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Critical Analysis or Not?

It seems like Gartner is quickly following into the footsteps of its analyst ancestors – investment banking research departments. By this I mean a less-than-stellar analysis which lags behind what is normally available to anyone who follows industry trends via social media blogs or twitter.

Reading a recent core retail banking report, I can’t help but notice glaring holes in otherwise shallow analysis. Since I’m knee deep in one of its market leader’s effort (according to the ability to execute measure) of implementing financial services (SAP) I find the following points and descriptions lacking in that report ( I’m expecting the link to be removed at company’s discretion):

1.  How does limited availability of product/business experts allow the vendor to top the chart? Isn’t availability somewhat related to the ability to execute?

2. There’s a mention of BIAN participation, but there’s no reference to either SWIFT or ISO20022. Aren’t the electronic payment systems the bread and butter of banking? Yes, even at the retail level?

3. There’s no mention of specific modules offered by the vendor like In-House Cash, Cash and Liquidity Management, BCM and others.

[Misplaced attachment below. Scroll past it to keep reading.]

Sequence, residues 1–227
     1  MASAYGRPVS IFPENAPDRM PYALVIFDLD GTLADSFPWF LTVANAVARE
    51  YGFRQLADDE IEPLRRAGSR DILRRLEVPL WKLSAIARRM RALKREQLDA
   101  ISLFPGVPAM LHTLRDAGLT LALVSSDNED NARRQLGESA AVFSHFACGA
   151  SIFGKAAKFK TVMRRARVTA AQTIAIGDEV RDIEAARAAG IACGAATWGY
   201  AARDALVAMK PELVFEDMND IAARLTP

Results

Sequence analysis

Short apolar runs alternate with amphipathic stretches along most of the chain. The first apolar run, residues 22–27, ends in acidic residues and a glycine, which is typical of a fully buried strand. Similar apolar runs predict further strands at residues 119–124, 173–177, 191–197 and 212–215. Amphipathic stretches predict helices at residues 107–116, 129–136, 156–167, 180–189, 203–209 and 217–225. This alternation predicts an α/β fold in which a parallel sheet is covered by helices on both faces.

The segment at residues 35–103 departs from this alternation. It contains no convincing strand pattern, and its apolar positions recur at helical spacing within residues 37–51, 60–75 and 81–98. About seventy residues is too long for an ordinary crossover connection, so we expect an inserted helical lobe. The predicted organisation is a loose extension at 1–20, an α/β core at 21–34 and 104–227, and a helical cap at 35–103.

4. SAP’s biggest competitor gets a mention of an in-column database, but SAP HANA, SAP’s flagship in-column data base solution is left out. Gartner thinks to put this new architecture as a mitigating factor in its Oracle weaknesses section. This is out of place as it should be considered a strength of SAP, but not some kind of offsetting a weakness of its competitor.

5. There’s no mention of the SEPA, which is an Euro-based effort to reduce the burden of retail banking costs in Europe. I realize that many may want to write off Euro as a nonviable currency, but omitting it from a global analysis amounts to ignoring the most important banking initiative on the old continent.

6. I like the magic quadrant concept as a quick list of who’s up and who’s down in Gartner’s client list, but explaining methodology behind it as part of the research is a bit over the top. It’s highly subjective and seems to be related to the company’s pricing more than actual features behind each vendor’s product, those included and those excluded.

7. instead of treating us to geography listings of continents (we get EMEA spelled out for us and for our CIO’s) and technology like operating systems (Unix, Linux, Windows), the audience would be better served with a list of the core banking features and why some vendors have a better handle on them than others.

I have been configuring SAP ever since i have left Gartner in the late 90′s, and I expect a better quality and more depth from this top vendor in the IT analysis marketplace. Otherwise, the company risks getting ignored and not being taken seriously.

Posted by on November 24, 2012.

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